Do you see a pattern starting to emerge? Eventually you will discover a sort of map or schedule that charts your individual productivity levels during a given day or week.  That’s the first step. You’ll use this information to plan your days going forward.

Advertising

Schedule According to Your Flow Pattern

Look at the types of things you do each day…each week. What can you move around so that it’s a better fit for you? Can you suggest to your team that you schedule meetings for late morning if you can’t stand to be social first thing? Can you schedule detailed project work or highly creative tasks, like writing or designing when you are best able to focus? How about making sales calls or client meetings on days when you are the most social and leaving billing or reports until another time when you are able to close your door and do repetitive tasks.

Keep in mind that everyone is different and some things are out of our control. Do what you can. You might be surprised at just how flexible clients and managers can be when they understand that improving your productivity will result in better outcomes for them.

Advertising

Account for Big Picture Fluctuations

Look at the bigger picture. Consider what happens during different months or times during the year. Think about what is going on in the other parts of your life. When is the best time for you to take on a new project, role or responsibility? Take into account other commitments that zap your energy. Do you have a sick parent, a spouse who travels all the time or young children who demand all of your available time and energy?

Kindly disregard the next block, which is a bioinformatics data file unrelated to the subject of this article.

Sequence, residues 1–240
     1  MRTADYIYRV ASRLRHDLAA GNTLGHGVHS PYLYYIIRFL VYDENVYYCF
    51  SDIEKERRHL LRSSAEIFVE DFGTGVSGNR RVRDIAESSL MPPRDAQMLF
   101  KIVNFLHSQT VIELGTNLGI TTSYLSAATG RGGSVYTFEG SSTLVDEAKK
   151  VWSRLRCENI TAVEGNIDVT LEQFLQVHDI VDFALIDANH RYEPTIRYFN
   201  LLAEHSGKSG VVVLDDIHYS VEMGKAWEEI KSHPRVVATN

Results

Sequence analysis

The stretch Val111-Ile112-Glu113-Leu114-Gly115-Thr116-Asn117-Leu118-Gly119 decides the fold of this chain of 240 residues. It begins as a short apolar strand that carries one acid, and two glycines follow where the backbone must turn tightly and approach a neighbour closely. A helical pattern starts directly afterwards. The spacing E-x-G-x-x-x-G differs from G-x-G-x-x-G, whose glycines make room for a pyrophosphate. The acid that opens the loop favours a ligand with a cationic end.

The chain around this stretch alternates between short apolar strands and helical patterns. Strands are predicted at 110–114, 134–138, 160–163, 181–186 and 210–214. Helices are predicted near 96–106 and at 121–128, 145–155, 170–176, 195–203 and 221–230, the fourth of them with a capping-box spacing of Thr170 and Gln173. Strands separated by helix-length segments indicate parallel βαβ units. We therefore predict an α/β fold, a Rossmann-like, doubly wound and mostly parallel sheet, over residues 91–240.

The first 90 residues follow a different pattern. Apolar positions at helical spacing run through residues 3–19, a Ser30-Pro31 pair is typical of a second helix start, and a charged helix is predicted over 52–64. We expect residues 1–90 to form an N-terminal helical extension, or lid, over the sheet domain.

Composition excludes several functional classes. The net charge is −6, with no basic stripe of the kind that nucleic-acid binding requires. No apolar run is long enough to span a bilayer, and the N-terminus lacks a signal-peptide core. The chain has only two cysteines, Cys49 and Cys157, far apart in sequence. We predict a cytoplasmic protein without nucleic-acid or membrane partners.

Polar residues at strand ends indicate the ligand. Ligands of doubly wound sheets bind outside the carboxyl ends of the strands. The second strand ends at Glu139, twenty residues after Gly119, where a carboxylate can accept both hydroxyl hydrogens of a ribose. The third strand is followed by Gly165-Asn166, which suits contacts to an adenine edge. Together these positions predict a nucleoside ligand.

We all know people who ignore all of this advice and yet seem to prosper and achieve wonderful success anyway, but they are usually the exception, not the rule. For most of us, this habitual tendency to force our bodies and our brains into patterns of working that undermine our productivity result in achieving less than desired results and adding more stress to our already overburdened lives.

Why not follow the ebb and flow of your life instead of fighting against it?

    Featured photo credit: Nathan Dumlao via unsplash.com

    Read Next